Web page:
PTSD Treatment for Veterans

The treatment of PTSD is multidimensional, including medication, therapy, and in recent years, mindfulness-based treatments have provided an alternative to managing both PTSD and chronic pain.

While some researchers have said that exposure therapy, which is trauma focused, is not always advisable for most veterans with PTSD, a 2019 study suggested otherwise. The study was the first to conclude that exposure therapy did not increase the risk of exacerbation of PTSD symptoms among participants.


Regardless of the war, soldiers involved in combat consistently show high rates of PTSD. If you are a veteran, the National Center for PTSD provides some excellent information on coping with the residual effects of war. If you are returning from Iraq, information about VA Transition Centers and additional resources are also provided. And, if you are a family member of a veteran, important information is also available pertaining to living with and caring for someone with PTSD.

10 Sources
Verywell Mind uses only high-quality sources, including peer-reviewed studies, to support the facts within our articles. Read our editorial process to learn more about how we fact-check and keep our content accurate, reliable, and trustworthy.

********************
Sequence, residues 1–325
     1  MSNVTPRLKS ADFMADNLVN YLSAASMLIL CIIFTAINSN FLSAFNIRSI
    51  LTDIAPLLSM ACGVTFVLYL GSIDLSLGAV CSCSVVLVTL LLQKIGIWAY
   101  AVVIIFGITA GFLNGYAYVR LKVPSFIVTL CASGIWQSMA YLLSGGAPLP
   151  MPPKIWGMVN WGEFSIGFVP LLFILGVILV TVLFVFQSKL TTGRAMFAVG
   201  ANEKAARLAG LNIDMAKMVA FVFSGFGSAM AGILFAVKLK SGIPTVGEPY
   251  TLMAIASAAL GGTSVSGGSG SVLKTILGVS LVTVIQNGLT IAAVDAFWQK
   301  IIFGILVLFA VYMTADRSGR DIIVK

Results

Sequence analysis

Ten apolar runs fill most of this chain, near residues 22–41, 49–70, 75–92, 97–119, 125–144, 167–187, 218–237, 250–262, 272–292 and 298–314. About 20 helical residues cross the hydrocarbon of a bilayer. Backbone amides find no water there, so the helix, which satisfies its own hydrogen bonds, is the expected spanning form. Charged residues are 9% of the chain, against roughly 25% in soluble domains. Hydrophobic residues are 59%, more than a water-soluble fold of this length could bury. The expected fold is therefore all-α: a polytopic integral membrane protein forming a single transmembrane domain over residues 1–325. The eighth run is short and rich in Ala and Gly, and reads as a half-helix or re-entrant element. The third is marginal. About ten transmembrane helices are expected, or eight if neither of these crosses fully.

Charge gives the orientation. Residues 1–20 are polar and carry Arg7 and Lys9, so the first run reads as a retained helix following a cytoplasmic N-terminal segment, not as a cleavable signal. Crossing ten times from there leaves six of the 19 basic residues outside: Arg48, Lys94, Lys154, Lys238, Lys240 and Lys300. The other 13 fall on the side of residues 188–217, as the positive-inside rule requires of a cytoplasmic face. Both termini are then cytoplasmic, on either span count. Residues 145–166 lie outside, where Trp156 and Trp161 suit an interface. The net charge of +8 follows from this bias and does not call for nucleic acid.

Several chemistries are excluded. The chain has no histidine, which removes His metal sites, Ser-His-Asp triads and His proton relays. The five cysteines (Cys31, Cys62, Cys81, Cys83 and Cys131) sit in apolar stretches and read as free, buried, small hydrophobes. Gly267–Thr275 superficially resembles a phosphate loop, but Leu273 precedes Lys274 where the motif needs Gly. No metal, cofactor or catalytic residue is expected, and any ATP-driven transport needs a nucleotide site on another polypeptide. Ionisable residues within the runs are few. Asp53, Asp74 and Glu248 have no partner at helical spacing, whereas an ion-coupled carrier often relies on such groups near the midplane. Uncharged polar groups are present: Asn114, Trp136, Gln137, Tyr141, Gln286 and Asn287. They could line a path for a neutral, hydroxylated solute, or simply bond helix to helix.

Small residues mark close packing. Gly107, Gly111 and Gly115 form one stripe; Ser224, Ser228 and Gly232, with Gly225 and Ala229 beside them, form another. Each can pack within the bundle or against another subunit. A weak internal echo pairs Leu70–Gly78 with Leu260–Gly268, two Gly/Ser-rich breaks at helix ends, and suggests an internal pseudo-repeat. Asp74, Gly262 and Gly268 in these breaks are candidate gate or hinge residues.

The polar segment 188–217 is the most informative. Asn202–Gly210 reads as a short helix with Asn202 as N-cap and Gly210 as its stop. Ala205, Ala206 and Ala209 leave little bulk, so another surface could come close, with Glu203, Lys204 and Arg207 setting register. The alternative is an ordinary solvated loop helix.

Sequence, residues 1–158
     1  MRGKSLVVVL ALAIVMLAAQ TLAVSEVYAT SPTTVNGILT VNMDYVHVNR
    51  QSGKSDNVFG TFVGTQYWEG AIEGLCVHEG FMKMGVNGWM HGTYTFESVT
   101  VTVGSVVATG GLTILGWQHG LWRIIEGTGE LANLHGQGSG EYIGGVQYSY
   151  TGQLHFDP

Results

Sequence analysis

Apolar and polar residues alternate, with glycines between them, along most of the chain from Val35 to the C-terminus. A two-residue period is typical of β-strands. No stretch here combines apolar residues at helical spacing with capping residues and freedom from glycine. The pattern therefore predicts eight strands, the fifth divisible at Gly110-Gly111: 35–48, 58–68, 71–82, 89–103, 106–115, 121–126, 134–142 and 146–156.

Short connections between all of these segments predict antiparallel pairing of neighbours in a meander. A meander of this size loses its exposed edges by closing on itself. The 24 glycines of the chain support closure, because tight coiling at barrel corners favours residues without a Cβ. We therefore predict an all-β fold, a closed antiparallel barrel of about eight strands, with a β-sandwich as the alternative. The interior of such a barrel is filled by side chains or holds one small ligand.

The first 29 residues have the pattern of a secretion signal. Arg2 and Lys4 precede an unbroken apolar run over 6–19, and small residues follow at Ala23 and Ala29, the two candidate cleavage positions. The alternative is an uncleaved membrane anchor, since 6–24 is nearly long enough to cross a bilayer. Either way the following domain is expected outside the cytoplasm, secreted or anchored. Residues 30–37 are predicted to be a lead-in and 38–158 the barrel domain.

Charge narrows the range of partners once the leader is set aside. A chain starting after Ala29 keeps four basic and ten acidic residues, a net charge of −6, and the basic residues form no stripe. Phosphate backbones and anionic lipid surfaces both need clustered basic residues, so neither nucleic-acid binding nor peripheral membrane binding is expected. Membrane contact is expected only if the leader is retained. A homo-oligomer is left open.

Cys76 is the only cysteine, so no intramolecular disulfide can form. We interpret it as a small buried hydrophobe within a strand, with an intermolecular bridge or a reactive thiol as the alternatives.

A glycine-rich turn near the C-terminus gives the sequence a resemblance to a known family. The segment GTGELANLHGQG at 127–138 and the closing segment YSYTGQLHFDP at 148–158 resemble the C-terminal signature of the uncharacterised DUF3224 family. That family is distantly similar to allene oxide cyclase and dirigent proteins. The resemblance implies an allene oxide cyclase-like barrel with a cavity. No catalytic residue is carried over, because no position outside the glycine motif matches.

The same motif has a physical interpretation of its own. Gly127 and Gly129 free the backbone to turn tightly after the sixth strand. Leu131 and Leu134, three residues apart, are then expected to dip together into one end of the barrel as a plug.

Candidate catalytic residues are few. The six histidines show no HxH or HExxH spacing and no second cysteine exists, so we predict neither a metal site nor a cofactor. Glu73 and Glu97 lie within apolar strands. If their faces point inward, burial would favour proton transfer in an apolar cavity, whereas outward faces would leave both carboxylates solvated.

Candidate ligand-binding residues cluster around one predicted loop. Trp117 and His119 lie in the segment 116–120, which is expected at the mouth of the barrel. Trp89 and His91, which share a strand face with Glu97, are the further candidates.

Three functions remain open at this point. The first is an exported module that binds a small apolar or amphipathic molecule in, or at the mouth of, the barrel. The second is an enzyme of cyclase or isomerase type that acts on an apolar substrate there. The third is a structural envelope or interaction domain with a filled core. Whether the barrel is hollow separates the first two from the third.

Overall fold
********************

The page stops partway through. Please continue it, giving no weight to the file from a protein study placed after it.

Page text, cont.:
1. U.S. Department of Veterans Affairs. How Common is PTSD in Veterans?.

  2. Adam M. Chekroud, Hieronimus Loho, Martin Paulus, John H. Krystal. PTSD and the War of WordsChronic Stress, 2018; 2: 247054701876738 doi:10.1177/2470547018767387

  3. National Veterans Foundation. The Long Struggle of Vietnam Veterans with PTSD. August 15, 2018.

  4. U.S. Department of Veterans Affairs. VA research on Vietnam Veterans.

  5. Marmar CR, Schlenger W, Henn-Haase C, et al. Course of Posttraumatic Stress Disorder 40 Years After the Vietnam War: Findings From the National Vietnam Veterans Longitudinal StudyJAMA Psychiatry. 2015;72(9):875–881. doi:10.1001/jamapsychiatry.2015.0803

  6. Richardson LK, Frueh BC, Acierno R. Prevalence estimates of combat-related post-traumatic stress disorder: critical reviewAust N Z J Psychiatry. 2010;44(1):4–19. doi:10.3109/00048670903393597

  7. Hoge C, Castro C, Messer S, McGurk D, Cotting D, R Koffman. Combat Duty in Iraq and Afghanistan, Mental Health Problems, and Barriers to CareNew England Journal of Medicine. 2004. 351(1)13-22. doi:10.1056/NEJMoa040603

  8. Thomas, J., Wilk, J., Riviere, L. et al. Prevalence of Mental Health Problems and Functional Impairment Among Active Component and National Guard Soldiers 3 and 12 Months Following Combat in IraqArchives of General Psychiatry. 2010;67(6):614-23. doi:10.1001/archgenpsychiatry.2010.54

  9. Boyd JE, Lanius RA, McKinnon MC. Mindfulness-based treatments for posttraumatic stress disorder: a review of the treatment literature and neurobiological evidence. J Psychiatry Neurosci. 2018;43(1):7–25. doi:10.1503/jpn.170021

  10. Lancaster CL, Gros DF, Mullarkey MC, et al. Does trauma-focused exposure therapy exacerbate symptoms among patients with comorbid PTSD and substance use disorders?. Behav Cogn Psychother. 2019;:1-16. doi:10.1017/S1352465819000304

Additional Reading

By Matthew Tull, PhD
Matthew Tull, PhD is a professor of psychology at the University of Toledo, specializing in post-traumatic stress disorder.